WordPress plugins cost?

wordpress logoIntroduction

You’ve installed WordPress. It’s free. That’s amazing, and you get to stand on the shoulders of giants with all those great plugins. BUT! Developers need to get paid and a lot of the plugins have paid versions with the full range of features. So what can a fully fedged WordPress installation cost? This is the unspoken secret of WordPress.

The Plugins

These are the plugins I’m using:

  1. Hosting. Not really a plugin. It’s easy to get free/cheap hosting but with a WordPress site taking multiple seconds to load, especially if you have plugins enabled. As a benchmark, the personal purchase on wordpress.com is $39 (£30) per year, but doesn’t really give you that much.
  2. Akismet anti-spam adds better statistics and support for £44 per year.
  3. Cloudflare. You are running this, right? For free it gives you SSL, translation of http to https, DDoS protection, CDN caching (for the speed!), for $20 (£15) you get more as well as firewalling.
  4. With Jetpack you get a load more content stuff and lazy image loading for $9 (£7) per month.
  5. WP-Smush, one of my favrourites which crushes images, for really useful enhancements will set you back $49 (£38) per month.
  6. Updraft plus, the dedicated backup solution, for many, many more features and support will cost you £54 in total.
  7. WP Total Cache with more, possibly useless, caching features will be $99 (£77) per year.
  8. Wordfence security, which bugs me nearly daily to upgrade plugins and also does much more, is $99 (£77) per license.
  9. Yoast SEO which has certainly enhanced my writing for the web, is £79 per license.
  10. And finally something not WP related but which I think is REALLY useful is Grammarly which has also knocked some corners of my writing style.  This is £108 per year, and if I were a professional writer, it would be totally worth it.
  11. The AliExpress plugin is worth it if you want a drop shipping store, and who doesn’t? This is $14 (£11) per month.

Therefore in total, we’re looking at £1156 for the first year! Not insignificant, but developers have to eat!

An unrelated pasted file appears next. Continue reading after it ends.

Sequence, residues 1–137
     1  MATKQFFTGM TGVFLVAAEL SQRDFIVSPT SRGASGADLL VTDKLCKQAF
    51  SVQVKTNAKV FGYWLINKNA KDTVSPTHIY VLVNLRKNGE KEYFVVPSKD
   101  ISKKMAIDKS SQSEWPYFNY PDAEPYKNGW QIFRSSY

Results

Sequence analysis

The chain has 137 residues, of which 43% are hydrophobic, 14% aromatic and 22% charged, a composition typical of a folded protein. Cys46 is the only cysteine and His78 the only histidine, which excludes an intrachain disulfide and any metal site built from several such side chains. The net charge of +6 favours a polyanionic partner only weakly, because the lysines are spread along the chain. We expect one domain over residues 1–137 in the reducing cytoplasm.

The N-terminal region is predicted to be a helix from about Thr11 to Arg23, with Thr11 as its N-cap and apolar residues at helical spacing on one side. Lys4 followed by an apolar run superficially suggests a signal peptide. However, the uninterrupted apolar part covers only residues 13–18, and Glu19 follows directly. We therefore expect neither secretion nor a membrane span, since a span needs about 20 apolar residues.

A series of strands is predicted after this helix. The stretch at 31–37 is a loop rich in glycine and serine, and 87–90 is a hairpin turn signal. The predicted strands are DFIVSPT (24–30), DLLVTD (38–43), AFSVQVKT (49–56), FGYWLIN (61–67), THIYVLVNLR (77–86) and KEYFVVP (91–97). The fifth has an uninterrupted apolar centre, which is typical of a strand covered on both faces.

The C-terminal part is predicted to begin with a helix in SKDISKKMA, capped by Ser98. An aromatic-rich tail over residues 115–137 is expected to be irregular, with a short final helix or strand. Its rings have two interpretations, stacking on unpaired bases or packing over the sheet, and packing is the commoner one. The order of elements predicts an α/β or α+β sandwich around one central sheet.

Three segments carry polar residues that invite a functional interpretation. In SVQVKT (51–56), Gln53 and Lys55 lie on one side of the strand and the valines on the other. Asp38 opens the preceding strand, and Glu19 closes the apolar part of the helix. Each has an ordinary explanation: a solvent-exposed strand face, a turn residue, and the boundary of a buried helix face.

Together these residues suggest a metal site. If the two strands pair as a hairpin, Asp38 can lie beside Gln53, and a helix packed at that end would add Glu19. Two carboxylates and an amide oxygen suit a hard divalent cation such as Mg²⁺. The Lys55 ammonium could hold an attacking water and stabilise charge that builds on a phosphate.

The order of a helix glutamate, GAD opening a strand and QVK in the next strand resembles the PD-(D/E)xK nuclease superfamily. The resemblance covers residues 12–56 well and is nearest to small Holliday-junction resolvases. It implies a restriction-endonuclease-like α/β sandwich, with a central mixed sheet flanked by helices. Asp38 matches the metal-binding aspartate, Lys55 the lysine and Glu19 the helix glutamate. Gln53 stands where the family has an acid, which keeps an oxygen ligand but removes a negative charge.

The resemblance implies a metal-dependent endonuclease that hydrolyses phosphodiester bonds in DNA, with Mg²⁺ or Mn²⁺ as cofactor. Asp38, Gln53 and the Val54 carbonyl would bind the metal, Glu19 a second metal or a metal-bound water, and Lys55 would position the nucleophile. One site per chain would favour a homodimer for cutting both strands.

Run WordPress? Stay secure!

Quite a large proportion of us run blogs, typically WordPress if we want a degree of control or growth, whether for techie stuff or political agitation.

Whenever I work anywhere, I try to make sure the top priority is security. There’s no point doing anything unless you’re secure. The recent Typeform breach shows anyone is liable and their breach exposed data from Monzo bank. In the grand scheme of things, it wasn’t the end of the world: no passwords were leaked.

If you’re running WordPress and therefore relying on somebody else’s software, these are the things you need to do to stay secure:

  1. Install a security plugin. Yes, it’s a pain in the neck getting daily emails to update your site as themes and plugins update but given (1) above, it’s useful. I use Wordfence.
  2. Make sure you use SSL. As well as Google encouraging us to use SSL and gain SEO advantage, being secure is just generally a Good Thing. Worried about SSL certificates? Don’t be. Just hand your DNS management over to Cloudflare and gain SSL, DDoS protection and much more for FREE. My favourite price.
  3. Use strong passwords. Better still use something like Lastpass to generate secure passwords and store them for you safely.
  4. Use two-factor authentication. Make it one step harder to get into your site. Now they won’t get in unless they have your phone. There’s a plugin for that. We use the Google Authenticator.
  5. Keep up to date. 54% of WordPress vulnerabilities belonged to out of date WordPress. You should also keep themes up to date, things like cross-site-scripting exist, and plugins also.
  6. When installing plugins go for the widely used ones, ones with 4*-5* ratings and thousands of satisfied users. Make sure if you go down, LOADS of people go down with you too!